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Rachael Ward

Authorities defend Echuca flood levee

Authorities are defending a temporary flood levee built through residential streets in Echuca in northern Victoria as the Murray River peaked.

A three kilometre long dirt barrier was constructed to protect the centre of town from the worst of the disaster and people living on the so-called 'wrong side' were told their houses were likely to be inundated.

Emergency Management Commissioner Andrew Crisp said a couple of hundred homes had been impacted by flooding in Echuca so far.

Residents were left "gobsmacked" by the decision to pump floodwater away from the 'right side' towards houses on the 'wrong side' on Tuesday morning.

Resident Jemima Lewis told ABC Radio it was "just unfathomable" those houses would experience further flooding.

"It's just disgraceful to see that in this community and in this area after everything we've been going through," Ms Lewis said.

"To see my neighbours having the pumps turned into their backyards instead of sensibly down towards the current where the water can keep moving."

Mr Crisp said he asked whether the excess water could instead be directed somewhere else but added residents were warned their houses would be impacted.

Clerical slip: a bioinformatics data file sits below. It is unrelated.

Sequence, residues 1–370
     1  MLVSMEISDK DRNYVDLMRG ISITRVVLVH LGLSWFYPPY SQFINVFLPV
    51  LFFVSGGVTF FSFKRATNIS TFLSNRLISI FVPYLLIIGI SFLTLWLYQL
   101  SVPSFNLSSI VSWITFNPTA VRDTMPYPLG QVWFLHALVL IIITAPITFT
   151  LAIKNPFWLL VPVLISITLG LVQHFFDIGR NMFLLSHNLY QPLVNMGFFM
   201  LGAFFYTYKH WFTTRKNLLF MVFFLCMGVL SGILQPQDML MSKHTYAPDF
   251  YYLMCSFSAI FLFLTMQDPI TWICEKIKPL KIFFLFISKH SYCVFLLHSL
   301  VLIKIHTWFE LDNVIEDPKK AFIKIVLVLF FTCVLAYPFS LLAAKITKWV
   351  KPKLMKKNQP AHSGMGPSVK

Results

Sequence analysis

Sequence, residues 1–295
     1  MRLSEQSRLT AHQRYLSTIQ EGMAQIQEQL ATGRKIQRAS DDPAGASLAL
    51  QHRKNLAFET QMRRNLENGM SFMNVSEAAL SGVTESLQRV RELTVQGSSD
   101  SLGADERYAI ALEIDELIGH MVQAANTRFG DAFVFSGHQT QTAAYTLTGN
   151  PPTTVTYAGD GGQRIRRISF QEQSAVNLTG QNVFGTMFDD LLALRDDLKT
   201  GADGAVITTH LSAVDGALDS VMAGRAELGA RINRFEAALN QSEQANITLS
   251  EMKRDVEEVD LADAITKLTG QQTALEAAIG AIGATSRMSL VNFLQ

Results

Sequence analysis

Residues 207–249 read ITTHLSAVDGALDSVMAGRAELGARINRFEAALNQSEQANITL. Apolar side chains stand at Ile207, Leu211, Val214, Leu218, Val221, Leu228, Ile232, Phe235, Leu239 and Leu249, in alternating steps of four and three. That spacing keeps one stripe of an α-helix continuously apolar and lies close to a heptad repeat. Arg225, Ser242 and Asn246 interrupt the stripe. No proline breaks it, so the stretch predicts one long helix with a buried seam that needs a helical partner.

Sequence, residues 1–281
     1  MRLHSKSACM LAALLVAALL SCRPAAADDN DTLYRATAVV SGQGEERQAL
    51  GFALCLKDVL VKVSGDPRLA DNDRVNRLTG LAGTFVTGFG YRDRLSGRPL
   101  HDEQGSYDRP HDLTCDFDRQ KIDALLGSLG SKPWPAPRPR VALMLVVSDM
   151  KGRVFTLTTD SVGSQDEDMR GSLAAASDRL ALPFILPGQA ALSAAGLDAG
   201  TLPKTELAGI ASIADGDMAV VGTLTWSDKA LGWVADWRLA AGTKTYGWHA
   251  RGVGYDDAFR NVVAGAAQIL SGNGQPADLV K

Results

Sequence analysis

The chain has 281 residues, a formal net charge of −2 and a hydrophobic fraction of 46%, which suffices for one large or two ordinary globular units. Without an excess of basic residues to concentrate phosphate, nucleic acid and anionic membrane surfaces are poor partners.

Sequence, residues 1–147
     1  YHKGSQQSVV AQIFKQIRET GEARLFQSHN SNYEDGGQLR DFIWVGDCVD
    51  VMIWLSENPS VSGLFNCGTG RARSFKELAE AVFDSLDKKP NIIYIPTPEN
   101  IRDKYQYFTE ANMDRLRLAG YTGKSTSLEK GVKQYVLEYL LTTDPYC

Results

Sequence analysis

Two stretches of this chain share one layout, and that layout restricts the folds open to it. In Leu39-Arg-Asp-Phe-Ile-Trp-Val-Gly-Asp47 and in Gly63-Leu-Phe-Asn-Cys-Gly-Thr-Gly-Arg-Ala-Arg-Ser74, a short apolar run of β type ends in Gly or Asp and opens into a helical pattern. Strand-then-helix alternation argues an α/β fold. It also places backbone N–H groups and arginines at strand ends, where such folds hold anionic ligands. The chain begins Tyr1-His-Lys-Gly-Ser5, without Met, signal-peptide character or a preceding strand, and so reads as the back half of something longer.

"We need to get to a point (where) we need to assess what has actually occurred if this levee holds and then at a point in time there will be further discussions with the community," he told reporters.

Some affected residents are reportedly considering legal action.

On Tuesday the Campaspe Shire Council released a statement saying Emergency Management Victoria was responsible for the wall and it was not consulted on its location or design.

Mr Crisp said he understood local government had been engaged in discussions about the levee.

There have been 950,000 sandbags distributed across Victoria in the past seven days, including 195,000 at Echuca.

Fifty-one flood evacuees have been housed at the Mickleham quarantine facility as of Tuesday morning.

There were 70 warnings issued across the state including evacuation orders for Echuca, Echuca Village, Kerang, Barmah, Lower Moira and Bunbartha.

Bureau of Meteorology Senior Meteorologist Kevin Parkyn said up to 50 millimetres of rain could fall over several days in north eastern parts of the state when wild weather returns from Sunday.

"There's no doubt that October will smash the rainfall record across the northern plains," Mr Parkyn told reporters.

"There will never have been a wetter October in our record books."

Recovery efforts across central Victoria are about to ramp up, particularly at Rochester and Mooroopna, which were badly damaged almost a fortnight ago.

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